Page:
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Title: Assessment of the relationship between serum 25-hydroxyvitamin D3, human alveolar macrophage function, and in vitro and in vivo outcomes of M. tuberculosis exposure
Author: Connell, David
ISNI:       0000 0004 6423 6688
Awarding Body: Imperial College London
Current Institution: Imperial College London
Date of Award: 2017
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Approximately 50% of individuals may be resistant to infection with Mycobacterium tuberculosis (M.tb), the causative agent of tuberculosis (TB). Pulmonary innate immunity is likely to be important in shaping this, although it is unclear how this is determined in the human lung. Ethnicity influences infection rates following exposure to TB, and is associated with differential phenotypes in established TB disease; the latter is driven by variation in serum 25-hydroxyvitamin D3 [25(OH)D3]. Through genomic vitamin D-response elements, 25(OH)D3 can influence gene transcription, potentially linking changes in serum 25(OH)D3, and innate pulmonary immune function. Aim 1 of this project involved the recruitment of a cohort of precisely-defined individuals in recent close contact with smear-positive pulmonary TB. Their exposure to TB was quantified, along with variables associated with TB transmission. Vitamin D metabolites were measured in serum at the point of recruitment, and associations with outcome were tested. Elevation in serum 25(OH)D3 was associated with resistance to TB infection, and not confounded by other transmission factors. Aim 2 involved the development of an experimental pathway where human alveolar macrophages (AMs) could be acquired and identified, and then infected intracellularly with the virulent M.tb strain H37Rv. The concentration of 25(OH)D3 in the serum to which these cells were exposed was varied; a higher concentration was associated with enhanced growth control of H37Rv. Aim 3 involved the isolation of RNA from human AMs, so that gene expression in response to intracellular H37Rv could be assessed using qPCR and RNAseq. The AM was able to upregulate the genes required to activate 25(OH)D3 within the cell, but growth control in response to higher serum 25(OH)D3 exposure was not associated with transcription of the anti-mycobacterial gene cathelicidin. RNAseq suggested networks of genes, possibly involving eicosanoid metabolism, may be more important in the 25(OH)D3-driven AM response to virulent mycobacteria.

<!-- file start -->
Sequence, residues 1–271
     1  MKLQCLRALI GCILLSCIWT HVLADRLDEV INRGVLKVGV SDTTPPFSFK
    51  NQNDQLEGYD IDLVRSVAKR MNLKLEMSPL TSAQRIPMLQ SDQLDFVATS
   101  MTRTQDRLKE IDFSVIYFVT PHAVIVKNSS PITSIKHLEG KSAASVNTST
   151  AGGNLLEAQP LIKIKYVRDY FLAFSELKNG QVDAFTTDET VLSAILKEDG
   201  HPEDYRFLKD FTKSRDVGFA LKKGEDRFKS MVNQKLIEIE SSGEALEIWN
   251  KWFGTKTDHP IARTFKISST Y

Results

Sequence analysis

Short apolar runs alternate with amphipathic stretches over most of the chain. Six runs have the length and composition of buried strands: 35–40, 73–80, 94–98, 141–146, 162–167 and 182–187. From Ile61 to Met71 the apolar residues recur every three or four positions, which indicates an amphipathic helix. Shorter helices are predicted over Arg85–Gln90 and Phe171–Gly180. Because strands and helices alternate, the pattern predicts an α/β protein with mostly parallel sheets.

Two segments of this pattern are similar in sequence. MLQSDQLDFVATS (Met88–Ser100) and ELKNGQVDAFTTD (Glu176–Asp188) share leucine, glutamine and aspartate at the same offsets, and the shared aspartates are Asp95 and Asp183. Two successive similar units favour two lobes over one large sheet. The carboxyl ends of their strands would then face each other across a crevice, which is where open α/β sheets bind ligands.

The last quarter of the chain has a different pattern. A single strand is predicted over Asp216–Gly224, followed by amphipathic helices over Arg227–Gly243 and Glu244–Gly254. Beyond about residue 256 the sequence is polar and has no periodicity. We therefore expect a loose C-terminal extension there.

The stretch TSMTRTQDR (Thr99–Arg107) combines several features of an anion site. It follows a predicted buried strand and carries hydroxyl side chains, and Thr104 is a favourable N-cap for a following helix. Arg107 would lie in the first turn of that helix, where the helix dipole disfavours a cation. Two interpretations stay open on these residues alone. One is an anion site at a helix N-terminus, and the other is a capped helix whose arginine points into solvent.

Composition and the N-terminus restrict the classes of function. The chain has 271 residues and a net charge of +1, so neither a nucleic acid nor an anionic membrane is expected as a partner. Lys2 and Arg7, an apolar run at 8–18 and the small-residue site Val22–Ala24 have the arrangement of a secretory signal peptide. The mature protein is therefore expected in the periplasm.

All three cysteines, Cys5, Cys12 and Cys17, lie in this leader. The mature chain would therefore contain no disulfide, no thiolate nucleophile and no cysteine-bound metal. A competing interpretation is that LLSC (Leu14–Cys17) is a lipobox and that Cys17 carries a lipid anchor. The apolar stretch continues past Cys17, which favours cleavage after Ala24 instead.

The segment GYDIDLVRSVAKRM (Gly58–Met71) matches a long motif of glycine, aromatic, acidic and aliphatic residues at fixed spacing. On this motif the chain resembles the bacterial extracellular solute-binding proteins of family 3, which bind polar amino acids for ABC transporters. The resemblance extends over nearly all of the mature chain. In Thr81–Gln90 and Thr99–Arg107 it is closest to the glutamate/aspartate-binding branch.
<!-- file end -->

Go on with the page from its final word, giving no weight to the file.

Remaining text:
Supervisor: Lalvani, Ajit ; Kon, Onn Min Sponsor: Medical Research Council
Qualification Name: Thesis (Ph.D.) Qualification Level: Doctoral